From the D-League to YouTube, Brandon Armstrong wows us all with some spectacular NBA impersonations.
By Bryan Pol
Brandon Armstrong, Pepperdine graduate and NBA first round selection of the Houston Rockets in 2001, has witnessed his share of international basketball experiences, from the Dakota Wizards in the NBA’s Developmental League to various stints in Ukraine, Poland, and Venezuela.
Despite being drafted by the Rockets, Armstrong started his pro career with the New Jersey Nets, playing three years as backup to Jason Kidd in the midst of the Nets’ title-contending years, averaging a paltry 2.2 PPG in the process.
Not many remember Brandon Armstrong, the NBA player.
But many know Brandon Armstrong, the YouTube sensation.
How many of us have lined up the game-winning shot in the NBA Finals in our driveways, beating the imaginary shot clock as the ball went clean through the net, just as Jordan had against Byron Russell in the ’98 NBA Finals, push-off be damned. Sure, none of us could be mistaken as MJ’s equal, but that never stopped us from trying, even as our attempts reached into the thousands.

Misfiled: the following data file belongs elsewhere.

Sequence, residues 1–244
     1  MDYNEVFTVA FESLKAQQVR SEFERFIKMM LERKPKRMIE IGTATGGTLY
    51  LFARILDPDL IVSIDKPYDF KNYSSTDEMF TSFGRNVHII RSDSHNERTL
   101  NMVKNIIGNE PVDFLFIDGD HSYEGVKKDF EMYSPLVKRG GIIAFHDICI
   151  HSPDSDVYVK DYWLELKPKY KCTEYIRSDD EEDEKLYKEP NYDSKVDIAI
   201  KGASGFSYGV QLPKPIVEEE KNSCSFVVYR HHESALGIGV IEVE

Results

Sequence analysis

Consequently, Brandon Armstrong has made a newfound career of doing just that.
Here is his latest impersonation to go viral, with Armstrong imitating Kobe Bryant:
Look at the elegance in Armstrong’s mimicking of Black Mamba’s patented dip-and-dive move into the lane for a pull-up jumper, the fist pump, the post-up fadeaway, the long walk to the bench as the phantom opposing team calls time out. His technique from start to finish is superb.
From James Harden…
…to Russell Westbrook…
…to some seriously outrageous player handshakes…
…Brandon Armstrong has delighted the masses by impersonating athletes who are part of arguably the world’s most marketable sport.
What does @BdotAdot5 have in store next? Here is hoping we get some free throw line impressions.
UPDATE: The NBA credentials mentioned for Brandon Armstrong earlier in this story do not reflect the playing credentials of Brandon Armstrong who became a YouTube sensation. While the former did play for the Nets and the D-League, the latter did not. Rather, the YouTube sensation Brandon Armstrong played for the D-League in Reno and in Spain, according to The Big Lead.
Elite Sports NY and I regret the error.
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